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Circular gears P and Q start rotating at the same time at [#permalink]

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20 Mar 2012, 09:04

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Circular gears P and Q start rotating at the same time at constant speeds. Gear P makes 10 revolutions per minute and Gear Q makes 40 revolutions per minute. How many seconds after the gears start rotating will gear Q have made exactly 6 more revolutions than gear P ?

Circular gears P & Q start rotating at the same time at constant speeds. Gear P makes 10 revolutions per minute and Gear Q makes 40 revolutions per minute. How many seconds after the gears start rotating will gear Q have made exactly 6 more revolutions than gear P ?

A. 6 B. 8 C. 10 D. 12 E. 15

Aany idea how to solve this?

Note that we are given revolutions per minute and asked about revolutions in seconds. So we should transform per minute to per second.

Gear P makes 10 revolutions per minute --> gear P makes 10/60 revolutions per second; Gear Q makes 40 revolutions per minute --> gear Q makes 40/60 revolutions per second.

Let \(t\) be the time in seconds needed for Q to make exactly 6 more revolutions than gear P --> \(\frac{10}{60}t+6=\frac{40}{60}t\) --> \(t=12\).

Re: Circular gears P and Q start rotating at the same time at [#permalink]

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25 Oct 2013, 23:48

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enigma123 wrote:

Circular gears P and Q start rotating at the same time at constant speeds. Gear P makes 10 revolutions per minute and Gear Q makes 40 revolutions per minute. How many seconds after the gears start rotating will gear Q have made exactly 6 more revolutions than gear P ?

A. 6 B. 8 C. 10 D. 12 E. 15

Work done by Faster gear Q is 6 more than slower gear P in same time

i.e W(q) = W(p) + 6 Rq X t = Rp X t + 6 40t=10t + 6 30t = 6 t =1/5 hrs t = 12 mins

Circular gears P & Q start rotating at the same time at constant speeds. Gear P makes 10 revolutions per minute and Gear Q makes 40 revolutions per minute. How many seconds after the gears start rotating will gear Q have made exactly 6 more revolutions than gear P ?

A. 6 B. 8 C. 10 D. 12 E. 15

Aany idea how to solve this?

Note that we are given revolutions per minute and asked about revolutions in seconds. So we should transform per minute to per second.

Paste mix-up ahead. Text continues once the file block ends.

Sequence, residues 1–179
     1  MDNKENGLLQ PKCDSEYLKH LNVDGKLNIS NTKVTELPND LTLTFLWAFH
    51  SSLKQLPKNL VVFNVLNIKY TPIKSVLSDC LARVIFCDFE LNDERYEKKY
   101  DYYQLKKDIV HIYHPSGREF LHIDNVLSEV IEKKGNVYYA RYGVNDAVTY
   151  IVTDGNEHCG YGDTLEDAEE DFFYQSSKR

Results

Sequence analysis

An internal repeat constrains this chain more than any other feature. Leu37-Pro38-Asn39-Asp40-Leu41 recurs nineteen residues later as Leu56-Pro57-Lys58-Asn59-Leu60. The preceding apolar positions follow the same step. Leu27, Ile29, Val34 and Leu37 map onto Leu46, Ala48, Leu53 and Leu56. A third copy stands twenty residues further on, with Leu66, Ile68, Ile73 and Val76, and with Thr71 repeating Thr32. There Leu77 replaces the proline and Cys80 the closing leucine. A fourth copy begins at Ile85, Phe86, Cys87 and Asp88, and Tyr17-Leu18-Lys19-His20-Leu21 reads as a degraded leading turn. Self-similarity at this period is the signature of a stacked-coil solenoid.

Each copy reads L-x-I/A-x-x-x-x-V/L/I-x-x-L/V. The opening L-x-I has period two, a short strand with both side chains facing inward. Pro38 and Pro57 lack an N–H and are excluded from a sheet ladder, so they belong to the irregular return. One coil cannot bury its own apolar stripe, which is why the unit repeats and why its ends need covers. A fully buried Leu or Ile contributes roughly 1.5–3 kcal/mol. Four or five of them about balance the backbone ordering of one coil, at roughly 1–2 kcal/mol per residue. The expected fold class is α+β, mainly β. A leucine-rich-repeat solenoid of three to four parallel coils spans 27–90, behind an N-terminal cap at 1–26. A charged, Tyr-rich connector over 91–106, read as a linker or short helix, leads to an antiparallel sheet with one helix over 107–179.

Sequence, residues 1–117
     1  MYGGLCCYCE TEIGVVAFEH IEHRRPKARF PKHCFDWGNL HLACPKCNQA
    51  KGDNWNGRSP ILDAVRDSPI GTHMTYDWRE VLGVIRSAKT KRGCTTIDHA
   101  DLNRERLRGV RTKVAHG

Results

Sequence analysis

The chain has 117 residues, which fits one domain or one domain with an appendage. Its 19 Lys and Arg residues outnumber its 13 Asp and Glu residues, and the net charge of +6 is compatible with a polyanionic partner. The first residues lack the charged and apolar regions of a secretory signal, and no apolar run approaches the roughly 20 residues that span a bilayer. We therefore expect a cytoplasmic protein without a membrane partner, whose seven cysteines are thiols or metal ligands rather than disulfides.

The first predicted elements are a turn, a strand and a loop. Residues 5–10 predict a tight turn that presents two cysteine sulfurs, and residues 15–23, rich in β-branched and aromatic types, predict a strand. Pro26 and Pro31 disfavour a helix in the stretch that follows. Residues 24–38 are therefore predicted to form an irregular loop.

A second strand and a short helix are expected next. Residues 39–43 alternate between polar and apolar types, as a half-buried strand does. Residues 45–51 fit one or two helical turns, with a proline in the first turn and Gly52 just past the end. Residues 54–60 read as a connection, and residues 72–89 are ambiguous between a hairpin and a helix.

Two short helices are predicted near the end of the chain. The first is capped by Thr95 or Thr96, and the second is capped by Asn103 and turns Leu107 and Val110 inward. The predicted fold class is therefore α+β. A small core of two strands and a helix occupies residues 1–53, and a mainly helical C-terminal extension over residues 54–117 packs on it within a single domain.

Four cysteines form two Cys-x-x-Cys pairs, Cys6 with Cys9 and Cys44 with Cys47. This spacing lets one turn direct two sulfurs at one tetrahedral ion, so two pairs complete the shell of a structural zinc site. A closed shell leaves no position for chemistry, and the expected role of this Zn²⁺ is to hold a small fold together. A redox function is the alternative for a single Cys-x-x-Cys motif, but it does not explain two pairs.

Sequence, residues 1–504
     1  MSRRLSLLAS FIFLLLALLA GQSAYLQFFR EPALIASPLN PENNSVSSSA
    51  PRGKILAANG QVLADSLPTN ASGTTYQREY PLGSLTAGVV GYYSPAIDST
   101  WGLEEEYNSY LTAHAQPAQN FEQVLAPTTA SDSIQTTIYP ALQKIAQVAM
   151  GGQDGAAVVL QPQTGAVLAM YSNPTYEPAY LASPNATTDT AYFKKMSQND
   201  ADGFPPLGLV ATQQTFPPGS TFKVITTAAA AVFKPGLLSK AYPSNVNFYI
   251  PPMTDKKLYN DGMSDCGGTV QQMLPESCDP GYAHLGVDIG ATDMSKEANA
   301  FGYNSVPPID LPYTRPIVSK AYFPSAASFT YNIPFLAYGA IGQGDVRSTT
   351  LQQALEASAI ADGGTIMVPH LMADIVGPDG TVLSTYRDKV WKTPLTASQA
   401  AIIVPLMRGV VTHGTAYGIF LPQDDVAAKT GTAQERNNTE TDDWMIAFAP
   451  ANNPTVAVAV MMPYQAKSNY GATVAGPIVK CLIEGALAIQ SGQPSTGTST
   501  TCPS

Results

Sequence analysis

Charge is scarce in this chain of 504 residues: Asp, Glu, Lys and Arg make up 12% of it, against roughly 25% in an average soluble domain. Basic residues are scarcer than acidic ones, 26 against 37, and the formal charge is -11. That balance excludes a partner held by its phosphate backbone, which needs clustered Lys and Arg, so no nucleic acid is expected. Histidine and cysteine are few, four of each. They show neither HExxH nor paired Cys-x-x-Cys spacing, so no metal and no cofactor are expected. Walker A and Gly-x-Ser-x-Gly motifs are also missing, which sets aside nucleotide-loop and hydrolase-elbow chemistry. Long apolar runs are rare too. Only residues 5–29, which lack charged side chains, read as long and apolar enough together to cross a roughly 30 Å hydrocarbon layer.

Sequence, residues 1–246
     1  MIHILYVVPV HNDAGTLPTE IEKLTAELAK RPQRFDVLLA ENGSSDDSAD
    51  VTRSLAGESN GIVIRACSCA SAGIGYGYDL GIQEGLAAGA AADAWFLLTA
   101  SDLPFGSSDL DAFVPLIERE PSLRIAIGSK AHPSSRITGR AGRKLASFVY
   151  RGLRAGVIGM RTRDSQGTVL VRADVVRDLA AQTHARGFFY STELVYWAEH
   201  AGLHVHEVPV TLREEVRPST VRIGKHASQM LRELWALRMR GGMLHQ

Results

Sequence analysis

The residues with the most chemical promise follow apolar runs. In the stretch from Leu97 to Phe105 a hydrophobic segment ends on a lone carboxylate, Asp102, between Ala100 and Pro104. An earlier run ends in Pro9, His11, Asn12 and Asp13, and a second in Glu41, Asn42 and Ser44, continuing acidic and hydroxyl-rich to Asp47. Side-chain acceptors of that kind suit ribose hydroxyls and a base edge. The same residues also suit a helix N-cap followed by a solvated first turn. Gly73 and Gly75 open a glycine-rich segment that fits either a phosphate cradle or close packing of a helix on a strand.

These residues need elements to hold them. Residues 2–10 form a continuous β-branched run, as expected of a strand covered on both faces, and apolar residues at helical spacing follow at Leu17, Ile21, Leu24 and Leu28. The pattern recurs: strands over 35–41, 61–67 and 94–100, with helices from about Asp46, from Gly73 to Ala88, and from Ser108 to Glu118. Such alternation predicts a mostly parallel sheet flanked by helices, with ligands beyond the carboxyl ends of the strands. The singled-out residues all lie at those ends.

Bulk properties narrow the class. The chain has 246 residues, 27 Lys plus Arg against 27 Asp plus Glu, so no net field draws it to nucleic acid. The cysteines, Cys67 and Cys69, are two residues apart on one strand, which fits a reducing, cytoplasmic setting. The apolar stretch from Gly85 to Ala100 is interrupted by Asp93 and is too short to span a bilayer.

Gear P makes 10 revolutions per minute --> gear P makes 10/60 revolutions per second; Gear Q makes 40 revolutions per minute --> gear Q makes 40/60 revolutions per second.

Let \(t\) be the time in seconds needed for Q to make exactly 6 more revolutions than gear P --> \(\frac{10}{60}t+6=\frac{40}{60}t\) --> \(t=12\).

Answer: D.

Hope it's clear.

Is there any theory for this?

I remember from college days, the Key point in solving is that the tangential Velocity should be same at the point of contact? _________________

Like my post Send me a Kudos It is a Good manner. My Debrief: http://gmatclub.com/forum/how-to-score-750-and-750-i-moved-from-710-to-189016.html

Re: Circular gears P and Q start rotating at the same time at [#permalink]

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21 Nov 2013, 02:42

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My approach was the following (similar to what LalaB wrote):

Difference between gears Q and P is 30 revolutions per min (40-10). To make 6 more rotations, the faster gear needs (6 rev / 30 rev/min = 1/5 min). Translate to seconds: 1/5 x 60 = 12.

Re: Circular gears P and Q start rotating at the same time at [#permalink]

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26 Jan 2014, 23:25

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enigma123 wrote:

Circular gears P and Q start rotating at the same time at constant speeds. Gear P makes 10 revolutions per minute and Gear Q makes 40 revolutions per minute. How many seconds after the gears start rotating will gear Q have made exactly 6 more revolutions than gear P ?

A. 6 B. 8 C. 10 D. 12 E. 15

All the above answers are excellent and I would like to one little tweak that has helped me in quite a few number of Quant problems. This is applicable for people who love to find answers by plugging in the options given